I know it would be better for her to try to complete daily routines even if she fails independently, but in the morning, when we are not on break, we are focused on quickly doing all we need to do and getting out of the door as soon as possible.

During the summer, all this slows down. We can devote more attention to her dressing, eating, and starting her day independently. For example, feeding meals is the perfect time to practice gross motor skills while enhancing speech. When it comes to dressing, it is quicker if we dress her ourselves. Putting shoes on can steal precious seconds when we are already late for work. The extra time in the summer transfers to greater patience and time so we can truly create a caregiver lifestyle.

New activities

During summer Rylae-Ann works on Speech Therapy goals.
By dedicating summer breaks to therapy, Rylae-Ann is an independent girl.

My favorite part of summer is trying new activities. Judy and I have cut back on our vacation trips, but we will still make time for therapy travel tours to Taiwan. This year, instead of spending all of our time on an airplane, we decided we would have a list of new activities to try before summer came around. Regardless of the location, the goal is to integrate her therapy goals.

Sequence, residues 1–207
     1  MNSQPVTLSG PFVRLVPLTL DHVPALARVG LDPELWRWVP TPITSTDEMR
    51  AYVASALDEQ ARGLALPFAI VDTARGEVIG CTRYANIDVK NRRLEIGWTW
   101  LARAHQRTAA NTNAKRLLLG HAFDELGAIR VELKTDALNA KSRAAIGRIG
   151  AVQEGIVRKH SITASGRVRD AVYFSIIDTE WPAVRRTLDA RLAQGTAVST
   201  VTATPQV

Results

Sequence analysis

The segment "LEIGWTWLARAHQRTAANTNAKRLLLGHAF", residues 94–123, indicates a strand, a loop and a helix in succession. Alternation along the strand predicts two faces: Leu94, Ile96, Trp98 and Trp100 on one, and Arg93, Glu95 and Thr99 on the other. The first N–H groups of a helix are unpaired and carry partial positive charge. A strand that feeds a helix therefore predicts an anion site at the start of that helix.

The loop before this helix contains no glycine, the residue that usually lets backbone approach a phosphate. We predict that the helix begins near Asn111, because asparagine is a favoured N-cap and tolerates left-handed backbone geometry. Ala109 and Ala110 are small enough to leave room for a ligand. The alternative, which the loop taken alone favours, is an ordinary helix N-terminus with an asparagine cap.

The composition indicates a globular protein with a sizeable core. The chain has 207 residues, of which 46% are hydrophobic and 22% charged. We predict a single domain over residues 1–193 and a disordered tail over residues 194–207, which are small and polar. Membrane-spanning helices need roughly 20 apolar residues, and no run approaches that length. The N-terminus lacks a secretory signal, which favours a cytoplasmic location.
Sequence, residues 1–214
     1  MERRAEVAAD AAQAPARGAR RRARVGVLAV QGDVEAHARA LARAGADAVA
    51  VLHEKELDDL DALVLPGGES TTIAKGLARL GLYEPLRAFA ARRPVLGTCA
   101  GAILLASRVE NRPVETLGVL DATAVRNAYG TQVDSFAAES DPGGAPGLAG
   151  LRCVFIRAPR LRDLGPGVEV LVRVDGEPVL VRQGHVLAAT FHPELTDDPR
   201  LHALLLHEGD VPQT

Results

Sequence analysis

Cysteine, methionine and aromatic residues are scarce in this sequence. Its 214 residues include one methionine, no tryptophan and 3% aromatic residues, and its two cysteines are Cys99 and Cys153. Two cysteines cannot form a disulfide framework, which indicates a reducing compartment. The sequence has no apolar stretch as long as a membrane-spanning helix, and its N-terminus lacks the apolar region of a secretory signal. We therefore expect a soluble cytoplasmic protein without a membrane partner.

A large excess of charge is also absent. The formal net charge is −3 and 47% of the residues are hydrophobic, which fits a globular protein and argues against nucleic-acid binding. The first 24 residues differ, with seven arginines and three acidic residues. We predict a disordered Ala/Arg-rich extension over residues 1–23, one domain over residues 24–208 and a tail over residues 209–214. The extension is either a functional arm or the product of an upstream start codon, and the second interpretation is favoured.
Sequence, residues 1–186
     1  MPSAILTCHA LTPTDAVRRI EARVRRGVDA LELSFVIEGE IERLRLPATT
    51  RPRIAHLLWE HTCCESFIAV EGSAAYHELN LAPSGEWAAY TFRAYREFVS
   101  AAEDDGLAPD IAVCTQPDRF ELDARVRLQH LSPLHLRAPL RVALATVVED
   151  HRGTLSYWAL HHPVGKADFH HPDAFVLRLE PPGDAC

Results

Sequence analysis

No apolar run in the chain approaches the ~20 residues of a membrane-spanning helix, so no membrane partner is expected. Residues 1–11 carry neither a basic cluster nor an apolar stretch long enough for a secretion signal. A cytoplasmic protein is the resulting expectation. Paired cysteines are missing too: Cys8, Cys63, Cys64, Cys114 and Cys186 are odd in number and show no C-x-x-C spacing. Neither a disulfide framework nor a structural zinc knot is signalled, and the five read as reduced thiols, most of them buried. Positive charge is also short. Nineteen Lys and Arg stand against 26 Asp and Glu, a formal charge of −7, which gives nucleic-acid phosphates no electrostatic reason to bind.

Summer break 2023 was a time for traveling, learning, and achieving therapy goals for Rylae-Ann.

The list of summer activities we plan is not sequential. Instead, we choose from it as summer unfolds. Decisions are based on Rylae-Ann’s current situation, the weather, and our preferences as patients. However, the summer exposes our daughter to new ideas, strategies, and topics. 

These approaches don’t have to be summer for them to work. When we have time off from work, we plan how to maximize our time together. The overarching goal is to have fun while achieving some of her goals. Summer is about to begin, and we look forward to the adventure together.